Wednesday , February 14, 2018 - 5:00 AM1 comment
Eric Eliason, an adjunct Utah State University professor and investment group partner from Logan, announced Tuesday his plans to make a bid for Northern Utah’s 1st District post with the new United Utah Party. Democrat Kurt Weiland of Bountiful, who runs a training and consulting company there, also plans to run for the seat.
Both hopefuls cited the tone of national political discourse, as exemplified by President Donald Trump, in their planned bids. They also singled out Bishop, a Republican who will be seeking his ninth term, for not taking a more critical stance against some of Trump’s more controversial pronouncements.
“I’ve really struggled with partisan politics. It’s one side or the other, which creates, I think, a real lack of discourse,” Eliason, 45, said by phone on Tuesday, before making a formal announcement in Salt Lake City. The United Utah Party has touted itself as appealing to Democrats and Republicans who are concerned their parties are getting too extreme, as well as more moderate independents.
The public should expect “dignity” from public officials, Eliason said, taking a jab at the Trump administration, without singling out any of the president’s specific proclamations.
“I think there needs to be times when the (Utah legislative) delegation speaks up,” Eliason continued. Bishop, at times, seems “afraid to express the need for dignity overall.”
Weiland, 72, a retired U.S. Army officer whose Bountiful home is actually outside the 1st District, offered tougher words. He filed his intent to run for the U.S. House last week with the Federal Election Commission.
“We have a government that lies to us, bullies us and has betrayed us,” Weiland said, alluding to the Trump administration. Silence in light of such conduct “is consent,” he continued, and Bishop “has not only remained silent, but he has drafted policies that support this very administration.”
Bishop campaign spokesman Andy Pierucci sidestepped questions about the criticism, saying the lawmaker’s focus is “on representing Utah’s 1st District and not on running for re-election.” Bishop will formally file his candidacy in March for what he has said would be his last term in the House, if he wins.
Adam Davis announced last year that he will run for the seat as a Green Party hopeful.
Cathy Callow-Heusser last year announced plans to run for the seat as a Republican, then revealed last month on Facebook that she’d make a bid via the United Utah Party instead. On Tuesday, however, she said her plans are now uncertain.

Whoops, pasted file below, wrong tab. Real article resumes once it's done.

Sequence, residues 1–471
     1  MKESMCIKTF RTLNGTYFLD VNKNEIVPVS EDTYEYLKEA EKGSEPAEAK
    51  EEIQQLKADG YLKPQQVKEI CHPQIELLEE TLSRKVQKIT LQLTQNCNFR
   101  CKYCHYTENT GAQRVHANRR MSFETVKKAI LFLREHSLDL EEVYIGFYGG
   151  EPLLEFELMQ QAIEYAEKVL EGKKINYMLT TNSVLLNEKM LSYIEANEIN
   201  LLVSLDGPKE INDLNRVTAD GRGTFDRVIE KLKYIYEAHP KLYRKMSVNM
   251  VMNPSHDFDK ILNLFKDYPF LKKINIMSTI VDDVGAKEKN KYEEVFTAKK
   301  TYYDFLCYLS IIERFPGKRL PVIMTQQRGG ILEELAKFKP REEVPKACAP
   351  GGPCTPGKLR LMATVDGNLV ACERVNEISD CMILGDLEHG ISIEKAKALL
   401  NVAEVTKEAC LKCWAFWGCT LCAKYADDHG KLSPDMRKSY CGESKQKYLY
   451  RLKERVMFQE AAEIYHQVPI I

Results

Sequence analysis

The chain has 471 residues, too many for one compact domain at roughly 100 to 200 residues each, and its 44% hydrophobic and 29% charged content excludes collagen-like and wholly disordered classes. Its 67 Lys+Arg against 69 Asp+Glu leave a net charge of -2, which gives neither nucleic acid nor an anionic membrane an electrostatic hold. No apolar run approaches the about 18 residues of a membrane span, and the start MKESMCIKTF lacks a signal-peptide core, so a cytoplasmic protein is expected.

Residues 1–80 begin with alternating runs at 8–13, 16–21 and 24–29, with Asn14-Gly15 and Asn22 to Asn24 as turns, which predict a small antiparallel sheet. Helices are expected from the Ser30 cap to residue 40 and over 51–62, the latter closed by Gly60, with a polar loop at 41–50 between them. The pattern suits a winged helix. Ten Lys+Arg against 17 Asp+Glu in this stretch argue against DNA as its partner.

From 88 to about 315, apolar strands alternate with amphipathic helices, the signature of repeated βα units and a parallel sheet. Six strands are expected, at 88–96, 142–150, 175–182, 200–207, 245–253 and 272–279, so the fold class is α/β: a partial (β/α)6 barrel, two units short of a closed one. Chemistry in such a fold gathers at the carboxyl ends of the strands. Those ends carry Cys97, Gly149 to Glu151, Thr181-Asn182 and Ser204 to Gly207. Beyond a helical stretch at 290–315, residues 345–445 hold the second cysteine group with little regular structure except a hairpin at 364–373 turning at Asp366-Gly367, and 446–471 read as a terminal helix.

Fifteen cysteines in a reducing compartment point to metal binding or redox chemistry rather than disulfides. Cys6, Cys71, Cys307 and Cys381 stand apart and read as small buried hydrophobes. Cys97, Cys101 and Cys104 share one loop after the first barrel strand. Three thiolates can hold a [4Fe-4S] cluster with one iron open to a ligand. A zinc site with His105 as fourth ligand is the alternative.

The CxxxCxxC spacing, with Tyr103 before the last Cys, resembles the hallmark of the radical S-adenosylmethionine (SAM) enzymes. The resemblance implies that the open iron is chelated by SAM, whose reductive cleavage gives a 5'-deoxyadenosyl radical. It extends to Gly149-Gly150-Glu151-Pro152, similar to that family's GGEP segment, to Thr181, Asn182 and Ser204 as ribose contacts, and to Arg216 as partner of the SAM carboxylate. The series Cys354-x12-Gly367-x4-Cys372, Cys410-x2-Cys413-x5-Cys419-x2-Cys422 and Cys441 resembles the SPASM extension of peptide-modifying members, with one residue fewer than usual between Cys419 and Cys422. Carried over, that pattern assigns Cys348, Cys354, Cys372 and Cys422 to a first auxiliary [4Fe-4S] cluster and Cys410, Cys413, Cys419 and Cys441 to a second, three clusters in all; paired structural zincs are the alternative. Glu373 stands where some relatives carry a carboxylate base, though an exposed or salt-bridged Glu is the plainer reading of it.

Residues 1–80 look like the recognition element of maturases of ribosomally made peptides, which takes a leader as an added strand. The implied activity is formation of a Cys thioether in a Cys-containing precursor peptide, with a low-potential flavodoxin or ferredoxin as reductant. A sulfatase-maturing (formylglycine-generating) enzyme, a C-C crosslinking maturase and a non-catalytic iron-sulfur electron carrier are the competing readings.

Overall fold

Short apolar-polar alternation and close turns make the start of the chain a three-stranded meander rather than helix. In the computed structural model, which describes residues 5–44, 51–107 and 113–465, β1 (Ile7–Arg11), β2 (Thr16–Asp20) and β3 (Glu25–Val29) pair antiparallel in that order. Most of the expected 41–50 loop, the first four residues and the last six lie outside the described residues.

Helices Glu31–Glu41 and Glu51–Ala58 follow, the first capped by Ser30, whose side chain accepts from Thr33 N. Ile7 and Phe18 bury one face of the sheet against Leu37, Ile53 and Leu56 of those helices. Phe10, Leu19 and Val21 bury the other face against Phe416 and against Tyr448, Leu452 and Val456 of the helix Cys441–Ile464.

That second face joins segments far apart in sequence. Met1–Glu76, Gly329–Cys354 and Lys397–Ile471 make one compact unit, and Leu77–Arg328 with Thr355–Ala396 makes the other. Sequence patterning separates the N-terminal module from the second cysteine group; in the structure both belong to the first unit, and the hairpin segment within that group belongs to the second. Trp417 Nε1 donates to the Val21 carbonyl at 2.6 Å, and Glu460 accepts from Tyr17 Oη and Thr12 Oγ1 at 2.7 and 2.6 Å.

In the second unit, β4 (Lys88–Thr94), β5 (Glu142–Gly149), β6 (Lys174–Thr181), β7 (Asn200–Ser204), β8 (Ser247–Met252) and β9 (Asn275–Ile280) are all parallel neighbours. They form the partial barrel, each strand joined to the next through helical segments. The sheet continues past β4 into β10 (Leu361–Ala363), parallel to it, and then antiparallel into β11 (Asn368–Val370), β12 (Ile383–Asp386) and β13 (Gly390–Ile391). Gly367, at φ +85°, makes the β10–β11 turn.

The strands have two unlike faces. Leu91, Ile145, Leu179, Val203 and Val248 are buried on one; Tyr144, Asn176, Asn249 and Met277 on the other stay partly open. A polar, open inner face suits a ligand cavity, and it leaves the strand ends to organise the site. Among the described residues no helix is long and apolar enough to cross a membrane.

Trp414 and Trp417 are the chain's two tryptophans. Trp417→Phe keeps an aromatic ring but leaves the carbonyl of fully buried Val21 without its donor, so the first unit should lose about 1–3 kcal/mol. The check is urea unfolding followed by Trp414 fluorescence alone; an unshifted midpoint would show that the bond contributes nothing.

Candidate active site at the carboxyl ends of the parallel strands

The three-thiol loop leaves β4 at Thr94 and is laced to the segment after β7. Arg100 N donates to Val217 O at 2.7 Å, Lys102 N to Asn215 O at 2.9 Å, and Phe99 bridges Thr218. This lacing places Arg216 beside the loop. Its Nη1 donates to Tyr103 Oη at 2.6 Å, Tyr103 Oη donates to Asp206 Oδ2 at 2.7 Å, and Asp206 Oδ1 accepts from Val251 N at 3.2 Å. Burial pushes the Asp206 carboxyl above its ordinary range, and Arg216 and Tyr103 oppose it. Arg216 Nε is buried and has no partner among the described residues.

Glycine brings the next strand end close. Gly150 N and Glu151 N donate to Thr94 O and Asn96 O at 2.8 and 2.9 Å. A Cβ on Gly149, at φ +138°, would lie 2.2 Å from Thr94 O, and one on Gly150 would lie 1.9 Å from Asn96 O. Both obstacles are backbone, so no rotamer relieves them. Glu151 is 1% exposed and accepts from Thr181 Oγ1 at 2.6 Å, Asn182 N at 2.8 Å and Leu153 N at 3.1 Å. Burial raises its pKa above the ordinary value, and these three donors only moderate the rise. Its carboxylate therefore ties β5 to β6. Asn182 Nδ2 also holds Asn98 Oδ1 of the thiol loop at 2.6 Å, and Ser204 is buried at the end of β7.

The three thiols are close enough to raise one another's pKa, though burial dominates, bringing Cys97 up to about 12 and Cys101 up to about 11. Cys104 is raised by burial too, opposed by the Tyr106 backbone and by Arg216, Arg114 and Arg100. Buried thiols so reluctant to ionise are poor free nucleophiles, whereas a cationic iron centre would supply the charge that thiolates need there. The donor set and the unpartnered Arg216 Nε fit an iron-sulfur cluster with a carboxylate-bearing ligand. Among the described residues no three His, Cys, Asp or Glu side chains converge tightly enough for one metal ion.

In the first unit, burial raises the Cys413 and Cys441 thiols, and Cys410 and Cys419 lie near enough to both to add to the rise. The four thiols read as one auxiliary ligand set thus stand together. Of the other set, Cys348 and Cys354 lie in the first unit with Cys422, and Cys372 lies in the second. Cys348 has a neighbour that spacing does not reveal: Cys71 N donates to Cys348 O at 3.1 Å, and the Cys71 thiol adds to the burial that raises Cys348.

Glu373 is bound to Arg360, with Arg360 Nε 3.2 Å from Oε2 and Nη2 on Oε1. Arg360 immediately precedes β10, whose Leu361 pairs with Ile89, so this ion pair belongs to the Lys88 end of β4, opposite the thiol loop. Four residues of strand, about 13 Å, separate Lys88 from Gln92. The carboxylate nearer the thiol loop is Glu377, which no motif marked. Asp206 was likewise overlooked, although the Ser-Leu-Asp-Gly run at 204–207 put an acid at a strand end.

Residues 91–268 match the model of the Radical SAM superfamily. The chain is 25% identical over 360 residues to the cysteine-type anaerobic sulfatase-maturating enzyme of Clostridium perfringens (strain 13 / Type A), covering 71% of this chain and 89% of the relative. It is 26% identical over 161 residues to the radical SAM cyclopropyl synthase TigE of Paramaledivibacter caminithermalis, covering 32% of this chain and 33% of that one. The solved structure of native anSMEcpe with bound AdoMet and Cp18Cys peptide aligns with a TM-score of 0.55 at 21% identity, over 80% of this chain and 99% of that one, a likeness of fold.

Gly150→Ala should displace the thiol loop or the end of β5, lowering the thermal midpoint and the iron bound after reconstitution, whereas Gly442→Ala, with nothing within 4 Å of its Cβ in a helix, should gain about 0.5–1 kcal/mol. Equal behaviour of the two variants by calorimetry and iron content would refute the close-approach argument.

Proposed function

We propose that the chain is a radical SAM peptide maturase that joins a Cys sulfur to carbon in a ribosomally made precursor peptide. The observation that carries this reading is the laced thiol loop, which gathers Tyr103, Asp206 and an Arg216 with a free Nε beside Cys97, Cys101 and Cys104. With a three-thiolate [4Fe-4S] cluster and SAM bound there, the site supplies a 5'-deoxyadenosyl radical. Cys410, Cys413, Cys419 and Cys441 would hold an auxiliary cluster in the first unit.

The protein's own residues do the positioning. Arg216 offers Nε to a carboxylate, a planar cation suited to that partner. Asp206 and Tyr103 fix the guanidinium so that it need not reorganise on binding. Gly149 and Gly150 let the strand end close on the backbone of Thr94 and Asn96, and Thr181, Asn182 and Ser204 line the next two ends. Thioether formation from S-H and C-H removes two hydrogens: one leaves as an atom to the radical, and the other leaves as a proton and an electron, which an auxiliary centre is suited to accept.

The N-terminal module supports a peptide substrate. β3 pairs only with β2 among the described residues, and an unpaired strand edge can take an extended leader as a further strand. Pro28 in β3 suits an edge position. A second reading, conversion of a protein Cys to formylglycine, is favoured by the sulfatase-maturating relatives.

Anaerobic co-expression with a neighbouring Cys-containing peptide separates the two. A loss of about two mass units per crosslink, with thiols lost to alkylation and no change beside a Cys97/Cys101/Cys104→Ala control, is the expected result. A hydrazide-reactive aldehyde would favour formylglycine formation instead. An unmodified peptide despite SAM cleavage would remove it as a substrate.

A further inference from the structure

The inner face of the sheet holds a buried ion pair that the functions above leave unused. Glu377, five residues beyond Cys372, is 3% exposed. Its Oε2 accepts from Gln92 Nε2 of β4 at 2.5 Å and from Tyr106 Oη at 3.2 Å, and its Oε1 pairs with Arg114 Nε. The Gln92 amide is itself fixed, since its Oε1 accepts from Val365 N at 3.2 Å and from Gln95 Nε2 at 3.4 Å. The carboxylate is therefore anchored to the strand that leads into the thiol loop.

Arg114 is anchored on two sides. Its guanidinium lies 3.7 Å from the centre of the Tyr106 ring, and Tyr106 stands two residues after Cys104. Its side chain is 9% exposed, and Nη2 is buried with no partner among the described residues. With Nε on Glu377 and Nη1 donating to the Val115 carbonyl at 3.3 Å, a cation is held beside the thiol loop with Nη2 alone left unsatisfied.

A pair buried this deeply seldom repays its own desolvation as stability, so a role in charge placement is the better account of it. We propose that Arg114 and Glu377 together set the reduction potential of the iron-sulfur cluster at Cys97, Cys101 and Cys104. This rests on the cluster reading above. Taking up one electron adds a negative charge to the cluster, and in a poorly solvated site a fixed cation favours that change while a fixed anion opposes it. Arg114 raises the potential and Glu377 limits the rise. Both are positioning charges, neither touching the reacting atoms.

She’s also thinking of making an independent bid for the U.S. House or running for another office in Park City, where she lives.
The 1st District covers much of Northern Utah, including northern Davis County and all of Weber, Box Elder, Cache and Morgan counties, among others.
‘A FRESH VOICE’
Eliason, a partner in jNivin, a group that invests in small companies, is making his first bid for elective office. He touted his “conservative values,” open-mindedness and willingness to debate ideas on their merits. The need for campaign finance reform and term limits are top issues.
Bishop gets most of his funding “from out-of-state special interests,” Eliason charged. “I really think if we’re going to get the integrity of our system improved, that’s got to change.”
He said he’d like to “stop the pendulum” in the debate over public lands, with policy changes going from one extreme to another, and thinks there’s an appetite for a new representative to replace Bishop. Bishop, from Brigham City, has easily won his past campaigns for the 1st District post.
“I’m finding quite a few people who think it’s time. To move forward, it sometimes takes a fresh voice and that’s what we’re looking for,” Eliason said. He has secured donations “in the six figures,” he said, while Bishop had $413,534 in campaign funds on hand as of Dec. 31 last year, according to the Federal Election Commission.
Weiland — who unsuccessfully ran for the District 19 Utah House race in 2016, losing to Republican incumbent Raymond Ward — seized on to the idea of running for the U.S. House two to three months ago, worried Bishop wouldn’t face an opponent. He owns and operates Jefferson Smith Training and Consulting in Bountiful.
The overarching “umbrella issue,” he said, “is decency, and right now we have an administration that is just flat-out indecent.”
Federal law doesn’t require that U.S. House members live in the districts they represent in Congress, and Weiland said, if he wins, he’d stay put in Bountiful, actually located in Utah’s 2nd U.S. House district represented by Chris Stewart. Still, that doesn’t mean he wouldn’t represent district residents’ interests.
“I spent 23 years in the military,” he said, alluding to his U.S. Army service, “and I feel a kinship with Hill Air Force Base. ... I would stay true to the district and make sure their needs are met.”
When mulling a House bid as a Republican, Callow-Heusser said she had difficulty finding a campaign manager willing to work with her. “Everyone said they wouldn’t run a campaign against (Bishop) or they put me off,” she said.
Callow-Heusser had been prepared recently to formally announce plans to run as a United Utah hopeful, she said, when told to hold off to give Eliason time to firm up his plans. If she ends up running as a United Utah hopeful, the winner between her and Eliason would be determined in June primary elections.
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